The Henry Root SW10
REVIEWS, December 10, 2010
Overall Value
2.5
out of 5
Food 
Service 
Ambience 
2.5
  • Food
  • Service
  • Ambience
The Henry Root, 9 Park Walk, London, SW10 0AJ

Inspired by Terroirs, a good-all-round bistro specialising in small plates; somewhat unfortunate theming notwithstanding, it is a mid-price Chelsea destination offering overall good value, rather in the same way as its predecessor Gilmours (RIP) did in the early days.

The opening of Terroirs, near Charing Cross, a couple of years ago is beginning to look as if it may have been a turning point. Offering Gallic small plates in a bistro-style environnment at sensible prices in the heart of the West End ought, perhaps, not to have been such a dramatic idea. But it was, and by the time of our last survey, that unpretentious spot had established itself as the 11th most-mentioned place in town.

No great surprise, then, that we’re already seeing the emergence of a school-of-Terroirs. The original team has opened Brawn in the East End (to be reviewed shortly), and one of the people who originally helped develop the Terroirs concept has recently opened The Henry Root – a new Chelsea bistro, on the site recently vacated by Gilmours.

Both are fitted out on some variation of the theory that ‘decoration is a crime’, but this Chelsea site is rather fussily themed around a volume of letters from a fictitious busybody, Henry Root, which once topped the best-seller lists. If your culinary proposition is compelling, why bother? Why anyone might have thought that Chelsea’s ‘toffs’ might want all this flim-flam, it’s difficult to say. Tom’s Kitchen, for example, never seems to have suffered from what’s essentially a non-decorative scheme.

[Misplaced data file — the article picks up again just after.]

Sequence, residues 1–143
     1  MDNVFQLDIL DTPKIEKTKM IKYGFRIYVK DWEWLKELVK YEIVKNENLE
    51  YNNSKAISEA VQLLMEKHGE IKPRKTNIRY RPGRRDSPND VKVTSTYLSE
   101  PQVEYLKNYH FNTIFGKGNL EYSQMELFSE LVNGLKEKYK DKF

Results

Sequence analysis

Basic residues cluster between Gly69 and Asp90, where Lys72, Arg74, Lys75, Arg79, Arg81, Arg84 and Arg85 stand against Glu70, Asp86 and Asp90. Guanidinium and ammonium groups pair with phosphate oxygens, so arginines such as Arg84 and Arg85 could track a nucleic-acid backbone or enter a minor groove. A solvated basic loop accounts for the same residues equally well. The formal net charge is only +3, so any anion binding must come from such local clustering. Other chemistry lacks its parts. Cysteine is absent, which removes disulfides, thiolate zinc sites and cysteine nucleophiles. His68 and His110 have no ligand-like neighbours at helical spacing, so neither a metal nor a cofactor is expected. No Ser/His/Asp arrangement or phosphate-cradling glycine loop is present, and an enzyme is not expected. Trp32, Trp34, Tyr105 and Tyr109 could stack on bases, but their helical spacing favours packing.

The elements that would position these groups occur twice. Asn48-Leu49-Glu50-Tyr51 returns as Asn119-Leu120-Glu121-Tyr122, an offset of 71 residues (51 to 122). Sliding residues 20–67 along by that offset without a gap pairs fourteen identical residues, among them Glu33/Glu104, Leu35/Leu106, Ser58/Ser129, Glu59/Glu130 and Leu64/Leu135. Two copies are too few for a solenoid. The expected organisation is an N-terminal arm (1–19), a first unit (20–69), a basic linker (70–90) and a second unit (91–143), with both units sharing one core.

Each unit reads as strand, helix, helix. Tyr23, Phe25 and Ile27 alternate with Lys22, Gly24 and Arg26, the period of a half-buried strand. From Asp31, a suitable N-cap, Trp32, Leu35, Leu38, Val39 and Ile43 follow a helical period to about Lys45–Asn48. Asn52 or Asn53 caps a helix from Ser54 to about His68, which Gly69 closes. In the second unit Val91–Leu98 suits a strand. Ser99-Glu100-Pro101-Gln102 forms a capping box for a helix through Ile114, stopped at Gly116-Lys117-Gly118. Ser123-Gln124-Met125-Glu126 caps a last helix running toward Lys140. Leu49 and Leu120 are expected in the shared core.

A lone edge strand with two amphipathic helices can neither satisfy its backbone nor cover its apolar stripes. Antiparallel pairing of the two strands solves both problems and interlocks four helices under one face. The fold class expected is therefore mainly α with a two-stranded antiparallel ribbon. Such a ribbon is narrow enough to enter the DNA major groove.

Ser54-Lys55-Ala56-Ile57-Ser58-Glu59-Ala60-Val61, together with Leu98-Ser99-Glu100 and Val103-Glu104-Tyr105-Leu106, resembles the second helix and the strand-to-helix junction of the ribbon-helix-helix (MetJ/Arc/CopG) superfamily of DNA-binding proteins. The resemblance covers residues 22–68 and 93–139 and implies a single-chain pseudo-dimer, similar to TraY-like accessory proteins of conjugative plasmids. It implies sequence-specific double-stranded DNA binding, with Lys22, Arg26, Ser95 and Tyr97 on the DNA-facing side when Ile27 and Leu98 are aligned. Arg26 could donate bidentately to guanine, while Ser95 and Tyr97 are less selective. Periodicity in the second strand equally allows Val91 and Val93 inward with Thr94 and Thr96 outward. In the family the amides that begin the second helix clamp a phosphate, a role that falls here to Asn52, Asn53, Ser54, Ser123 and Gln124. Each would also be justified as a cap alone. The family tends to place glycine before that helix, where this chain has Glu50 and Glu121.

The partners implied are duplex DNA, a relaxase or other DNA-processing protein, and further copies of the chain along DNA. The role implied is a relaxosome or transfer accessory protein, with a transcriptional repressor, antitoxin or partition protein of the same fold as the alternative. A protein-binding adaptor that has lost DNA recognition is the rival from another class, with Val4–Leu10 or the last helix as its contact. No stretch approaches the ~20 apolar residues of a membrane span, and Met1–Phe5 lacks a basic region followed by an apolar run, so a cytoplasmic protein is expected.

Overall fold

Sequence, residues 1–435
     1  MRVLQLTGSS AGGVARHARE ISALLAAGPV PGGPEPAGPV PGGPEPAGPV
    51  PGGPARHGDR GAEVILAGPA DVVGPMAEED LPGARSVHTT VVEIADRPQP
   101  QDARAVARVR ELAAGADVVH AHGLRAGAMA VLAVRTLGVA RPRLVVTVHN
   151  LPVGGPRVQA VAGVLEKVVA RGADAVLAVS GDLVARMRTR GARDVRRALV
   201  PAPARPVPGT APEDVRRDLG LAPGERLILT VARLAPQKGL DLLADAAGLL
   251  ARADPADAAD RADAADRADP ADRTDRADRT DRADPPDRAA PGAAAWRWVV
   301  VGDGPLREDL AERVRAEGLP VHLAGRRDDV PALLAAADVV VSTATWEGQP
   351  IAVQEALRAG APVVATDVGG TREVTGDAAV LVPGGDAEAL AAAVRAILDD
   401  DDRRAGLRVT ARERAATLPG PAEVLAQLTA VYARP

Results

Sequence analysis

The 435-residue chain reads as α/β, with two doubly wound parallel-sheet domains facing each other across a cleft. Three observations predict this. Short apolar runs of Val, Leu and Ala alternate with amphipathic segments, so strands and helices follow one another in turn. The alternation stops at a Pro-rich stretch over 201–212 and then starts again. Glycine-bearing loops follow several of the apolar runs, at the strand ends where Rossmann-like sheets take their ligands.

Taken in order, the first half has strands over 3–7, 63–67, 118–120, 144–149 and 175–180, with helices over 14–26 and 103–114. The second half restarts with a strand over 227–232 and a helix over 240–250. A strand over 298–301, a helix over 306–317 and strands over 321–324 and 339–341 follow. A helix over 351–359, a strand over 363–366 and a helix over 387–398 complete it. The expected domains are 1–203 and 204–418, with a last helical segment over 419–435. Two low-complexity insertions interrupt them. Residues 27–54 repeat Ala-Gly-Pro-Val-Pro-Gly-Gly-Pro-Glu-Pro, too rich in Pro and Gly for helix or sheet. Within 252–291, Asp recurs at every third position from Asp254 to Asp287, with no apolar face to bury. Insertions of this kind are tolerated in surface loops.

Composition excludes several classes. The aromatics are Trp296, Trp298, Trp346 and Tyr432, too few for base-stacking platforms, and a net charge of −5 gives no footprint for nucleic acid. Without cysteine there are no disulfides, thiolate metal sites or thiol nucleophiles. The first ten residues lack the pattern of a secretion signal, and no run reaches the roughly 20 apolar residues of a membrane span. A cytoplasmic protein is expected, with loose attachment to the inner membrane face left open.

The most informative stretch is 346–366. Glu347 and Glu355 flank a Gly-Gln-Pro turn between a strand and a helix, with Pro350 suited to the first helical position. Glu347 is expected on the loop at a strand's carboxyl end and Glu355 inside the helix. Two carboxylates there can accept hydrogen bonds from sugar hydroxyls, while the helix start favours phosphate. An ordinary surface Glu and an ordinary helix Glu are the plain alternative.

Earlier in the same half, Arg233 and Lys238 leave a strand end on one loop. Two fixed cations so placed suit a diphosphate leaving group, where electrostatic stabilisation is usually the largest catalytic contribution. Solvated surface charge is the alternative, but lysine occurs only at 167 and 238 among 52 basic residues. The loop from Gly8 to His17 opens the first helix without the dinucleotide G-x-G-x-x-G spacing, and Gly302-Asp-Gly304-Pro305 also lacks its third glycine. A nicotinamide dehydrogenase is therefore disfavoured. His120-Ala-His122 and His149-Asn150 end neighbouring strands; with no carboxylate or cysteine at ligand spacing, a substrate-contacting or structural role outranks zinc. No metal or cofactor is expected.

But let’s try to put all this to one side. If we close our eyes – and try not to think of the dratted Mr Root – the food is actually rather good. We tried a fair mixture: oysters, black pudding, rustic bread (spongy, but arguably in a good way), duck à l’orange (yes, really), scallops (succulent, and offset by some nicely crunchy cauliflower), and chocolate tart (could have been more intense, but decent enough). To conclude, a punchy espresso. Celestial choirs may rarely have broken out, but everything was enjoyable, and the charming service kept proceedings moving along nicely.

So this turns out to be a praise-worthily congenial all-rounder, offering decent comfort, good food, and solicitous service. Such all-round appeal is less common in Chelsea than you might expect nowadays, so on these grounds alone, this is a place worth checking out.

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